This, ladies and gents is where we have the edge over the American names. "Semiquavers" and "quavers" fit into the beats easily, and I'm so used to singing along with my children "mi-i-inim. "Sixteenth notes" just doesn't fit four quick ones.

If you've eer used A Dozen A Day book 2, I find the first exercise is what separates the sheep from the goats when I inherit a pupil at that stage. Oh, how rarely they can play it! My latest one had had the OK from her last teacher for playing up and down in crotchets, then just a little faster for the quavers and a little faster still for the semiquavers. ohmy.gif

I start from the semiquavers. Caterpillar Caterpillar. I point out that you will need to think "caterpillar" for each of the crotchets. And what of the quavers? Ever tried to medicate a feline? Even those who haven't got a cat have heard how hard it is, and they just love going from Caterpillar to cat-pill-cat-pill laugh.gif
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#10 maggiemay

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Posted 27 November 2012 - 23:47

(quote) Elephant and Woodpecker are FAR more easily distinguishable than ta-tiki and tiki-ta or whatever method.

Why ?
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#11 Roseau

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Posted 28 November 2012 - 08:17

QUOTE(maggiemay @ Nov 28 2012, 12:47 AM) View Post

(quote) Elephant and Woodpecker are FAR more easily distinguishable than ta-tiki and tiki-ta or whatever method.

Why ?

Possibly for dyslexic children? My daughter found the Kodaly names very confusing as they were all too similar.

I don't usually use words but when there are triplets and quavers in the same bar immediately after each other I find the French words "deux croches, triolet" to be helpful.

For anything more than triplets, my teacher suggested just counting the number of notes in my head. I don't understand why this should work (since I couldn't say "one, two, three, four, five, six, seven" (for example) out loud fast enough to fit it into a single beat) but it does.
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#12 [email protected]

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Posted 28 November 2012 - 08:45

I've never used Kodaly patterns (although I find the idea very interesting) because I've never really learnt them myself and so don't feel comfortable even with the basics. (I'd like to do a course one day . . . )

I don't like words either as it's easy to get confused and there's a lot of difference in how people (especailly children) pronounce certain words. It's also true that i teach in two languages, including French which has no lexical stress whatsoever so each syllable has equal weight and length (leaving aside regional dialects) and so 'woodpecker' (or the French equivalent) would not work.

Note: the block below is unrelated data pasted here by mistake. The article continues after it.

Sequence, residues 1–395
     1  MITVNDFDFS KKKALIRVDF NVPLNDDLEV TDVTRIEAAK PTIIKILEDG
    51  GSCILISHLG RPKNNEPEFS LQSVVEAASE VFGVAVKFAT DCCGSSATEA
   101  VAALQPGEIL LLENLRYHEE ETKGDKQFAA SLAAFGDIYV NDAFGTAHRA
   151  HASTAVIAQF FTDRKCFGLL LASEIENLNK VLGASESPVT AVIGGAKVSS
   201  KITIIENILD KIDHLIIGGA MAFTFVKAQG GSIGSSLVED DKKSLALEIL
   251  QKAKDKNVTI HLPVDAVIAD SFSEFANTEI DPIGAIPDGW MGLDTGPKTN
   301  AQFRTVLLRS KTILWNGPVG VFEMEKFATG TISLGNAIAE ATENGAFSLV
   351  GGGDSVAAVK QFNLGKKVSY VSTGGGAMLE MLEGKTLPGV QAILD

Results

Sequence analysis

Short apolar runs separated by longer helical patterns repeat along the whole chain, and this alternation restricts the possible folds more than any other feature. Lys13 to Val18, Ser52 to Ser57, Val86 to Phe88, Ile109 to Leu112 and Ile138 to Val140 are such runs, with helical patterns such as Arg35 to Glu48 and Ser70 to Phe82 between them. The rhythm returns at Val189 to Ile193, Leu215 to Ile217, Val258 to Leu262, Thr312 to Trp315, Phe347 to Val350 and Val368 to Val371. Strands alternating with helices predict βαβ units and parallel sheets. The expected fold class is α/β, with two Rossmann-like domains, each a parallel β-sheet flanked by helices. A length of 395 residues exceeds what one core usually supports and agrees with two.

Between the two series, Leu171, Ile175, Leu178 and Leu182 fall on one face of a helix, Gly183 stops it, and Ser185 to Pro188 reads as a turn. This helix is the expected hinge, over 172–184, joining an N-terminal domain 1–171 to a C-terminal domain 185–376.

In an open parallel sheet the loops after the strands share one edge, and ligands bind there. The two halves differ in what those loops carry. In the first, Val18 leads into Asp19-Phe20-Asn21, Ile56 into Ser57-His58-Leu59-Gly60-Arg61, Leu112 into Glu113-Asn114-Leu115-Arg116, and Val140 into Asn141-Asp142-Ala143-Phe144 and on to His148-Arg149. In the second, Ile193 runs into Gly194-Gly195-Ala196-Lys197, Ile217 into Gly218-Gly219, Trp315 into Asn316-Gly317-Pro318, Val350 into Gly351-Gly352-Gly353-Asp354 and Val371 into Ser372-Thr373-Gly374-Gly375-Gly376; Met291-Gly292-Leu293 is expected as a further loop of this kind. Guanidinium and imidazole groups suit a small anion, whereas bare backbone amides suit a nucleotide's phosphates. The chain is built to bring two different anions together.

On a basic level, I find the note names quite useful (and often shout 'mi-nim' when they miss the second beat). Equally, 'tri-o-let' fits a triplet rhythm in a pleasing way.

But in general I just try and get them to feel the beat and to break each beat down progressively. i.e. start with crotchets (no matter what's written), break the appropriate crotchet into two quavers and play like that, then break the appropriate quaver into two semiquavers.

Sometimes counting helps (and I like counting) but, for many, just feeling the beat is enough, counting is actually a distraction.


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#13 lingle

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Posted 28 November 2012 - 10:06

"I use ta, ti-ti, tikatika etc. - the rhythm names originally devised in 19th century France, adapted by Kodaly and still further adapted by Lois Choksy and others. The names the OP quotes are really Dalcroze movement names and are only really efficacious when the children have MOVED to those rhythms and therefore understand why they are walk/jogging etc. I'm afraid I have a complete aversion to 'tea/coffee/pineapple' etc..."

so that's where those come from! I find these baffling but expect that if a child was immersed in Kodaly method they'd be great. I suppose I'm saying the same about these as you are saying about the Dalcroze movement names..... why are you averse to tea/coffee etc?

Loving the caterpillar approach linda.

I was struggling with my orchestra to do "O Come All Ye Faithful" until they said "Oh you mean why are we waiting?" then they got it immediately.

My biggest problem with all these though is that what children in the playground pretend they're playing is "smoke on the water". Which does not lend itself to any of these methods. But somehow they can all do it perfectly ...... I believe there is research indicating that playground games tend to use quite rhythms that don't lend themselves to crotchet/quaver/dotted crotchet notation..... rhythms that we would designate as "complex" but which obviously aren't because they're what children do naturally.....
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#14 linda.ff

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Posted 28 November 2012 - 10:51

QUOTE(BillM @ Nov 27 2012, 10:43 PM) View Post

Hole note Ta-a-a-a

It's called that because it's got a hole in the middle, isn't it? biggrin.gif
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#15 ChrisC

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Posted 28 November 2012 - 10:53

For groups of 7, I remember being told to use "Gina Lollobrigida" smile.gif

Chris